Advice on riveting moving joints

Hi guys.

I've been prototyping some very basic steampunk mechanisms that I'm preparing an Instructable for, and I'm looking for a bit of advice on how to make the moving joints.

The mechanisms are simple, with parts I'm cutting from brass sheet myself. They'll be using joints that I'd like to make reasonably permanent and low profile, yet able to move (elbow joints, for want of a better description). I've not tested it yet, but I've read that putting a piece of paper between the two arms before riveting them (blind/pop rivets) will allow the joint to move once it's fastened together.

I was also considering whether it might be advantageous to put a nylon of teflon washer between them before riveting, instead.

Any advice on whether this type of moving joint would be any good, if it would last with moderate use, whether it would work at all, and what some possible alternatives might be would be very much appreciated. Thanks in advance!

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MathewT91 year ago

You can use a Pivot-Nose to make a get clearance between rivet head and sheet. Check Stanley website..Hope this helps.

I have used regular pop rivets for hinges in sheet metal for many products I have designed. We even instruct the factories to use this setup for production...

Get some very thin shim material, like 0.020" (depends on thickness of parts to be joined). Cut a slot in one end of the shim, slot width should just fit around the rivet body, and this shim will be re-usable for all of you rivet-hinges. put your rivet thru the holes in the pieces to be 'hinged', and put your shim in between the 2 parts. Then place a small washer over the end of the rivet that sticks out through the other side of your parts. Crush the rivet as normal. Remove the shim, and your done. The rivet head and washer should be sandwiching the parts, with a tiny bit of clearance from using the shim, and should hinge quite nicely. We use this as a permanent solution on a lot of sheetmetal products we make, so should hold up well.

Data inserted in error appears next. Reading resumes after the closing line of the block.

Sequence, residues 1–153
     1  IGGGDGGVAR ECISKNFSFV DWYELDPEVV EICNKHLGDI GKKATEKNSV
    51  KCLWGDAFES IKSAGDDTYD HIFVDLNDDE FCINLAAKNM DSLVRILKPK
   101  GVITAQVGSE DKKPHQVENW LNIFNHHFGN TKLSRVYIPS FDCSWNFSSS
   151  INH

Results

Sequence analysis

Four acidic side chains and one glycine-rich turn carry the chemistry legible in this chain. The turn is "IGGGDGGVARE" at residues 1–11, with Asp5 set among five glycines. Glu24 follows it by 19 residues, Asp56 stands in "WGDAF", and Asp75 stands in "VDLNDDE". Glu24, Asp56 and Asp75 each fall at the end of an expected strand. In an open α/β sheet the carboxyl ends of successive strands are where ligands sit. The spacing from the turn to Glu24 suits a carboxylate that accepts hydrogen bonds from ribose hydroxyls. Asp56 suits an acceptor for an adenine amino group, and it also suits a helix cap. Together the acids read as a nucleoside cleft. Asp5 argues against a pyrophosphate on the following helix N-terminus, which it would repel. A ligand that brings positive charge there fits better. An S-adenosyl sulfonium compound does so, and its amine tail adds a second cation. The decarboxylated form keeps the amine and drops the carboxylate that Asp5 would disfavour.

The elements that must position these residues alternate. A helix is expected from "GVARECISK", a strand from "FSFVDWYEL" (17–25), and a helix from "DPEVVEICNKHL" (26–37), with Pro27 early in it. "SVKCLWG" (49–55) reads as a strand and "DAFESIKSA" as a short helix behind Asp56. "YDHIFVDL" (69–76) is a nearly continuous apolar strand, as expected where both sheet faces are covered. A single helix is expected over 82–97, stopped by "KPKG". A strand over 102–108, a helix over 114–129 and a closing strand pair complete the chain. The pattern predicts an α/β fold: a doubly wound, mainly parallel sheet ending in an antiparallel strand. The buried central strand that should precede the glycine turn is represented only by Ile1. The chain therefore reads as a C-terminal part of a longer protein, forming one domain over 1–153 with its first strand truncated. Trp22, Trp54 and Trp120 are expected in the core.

nerd124 years ago
well, I think putting a piece of paper would be fine, a washer would make a noticeable gap. I need to make a pantograph mechanism, but i don't have rivets. Is there a substitute? It can be a little weak, due to low stress on the pantograph, but can someone suggest a cheap and easily available substitute for rivets? I am going to use thin metal or plastic for the pantograph, and i don't have an anvil or blowtorch.
Nuts and bolts do the same thing as the rivets. You can cut off the excess bolt but it will protude or have a bump on one side. The nut will need to be fastened with a locknut or thread adhesive. If you are really stuck, use those paper fasteners - gold tacks with the leg that splits and folds out.
I tried to find nuts and bolts, but all the hardware store here have minimum 3-4 mm thickness, and i need 2mm, preferably 1mm. Getting nuts and bolts in such a tiny size is tough, if even possible.
Pop rivet guns/tools are fairly inexpensive $10-20 for the installation tool and rivets. All you need to do is drill a hole to fit the pop rivet.
do you get them that small?
ojimon5 years ago
Hi ... I have a similar question, though I'm not specifically trying to join bits of metal at the moment. I've been searching the Web for advice on how to set a "loose rivet" such that rotation movement could be achieved ... imagine using such rivets as the joints for an articulated paper (or wood) doll, or in a piece of jewelry where you want to join two pieces and let them "spin" independently, for example. I did see the suggestion somewhere of using a piece of paper between the pieces to be riveted, but I admit to still being confused ... is one supposed to tear the paper away after the rivet has been set, so that it fundamentally serves as a temporary "spacer"? If not, does the paper only "ease" movement by reducing friction ... and if so, how does one keep from setting the rivet too tightly to permit movement in the first place? I feel stupid asking this, but everything I've seen explaining how to set rivets seems to assume I want a very tight connection. I actually need a connection that permits easy, unobstructed rotational movement. In the case of an articulated paper figure, I'd prefer a rivet to a brad, because I don't want to have to accommodate the horizontal bits of metal in a brad. Any pointers? Thanks for any help anyone can provide ...
FoolishSage6 years ago
I'm no expert but wouldn't it be simpler to use some form of hinge and only rivet the ends of the hinge to the parts? This way the rivets would be fixed and the movement happens only in a part specifically produced for it.
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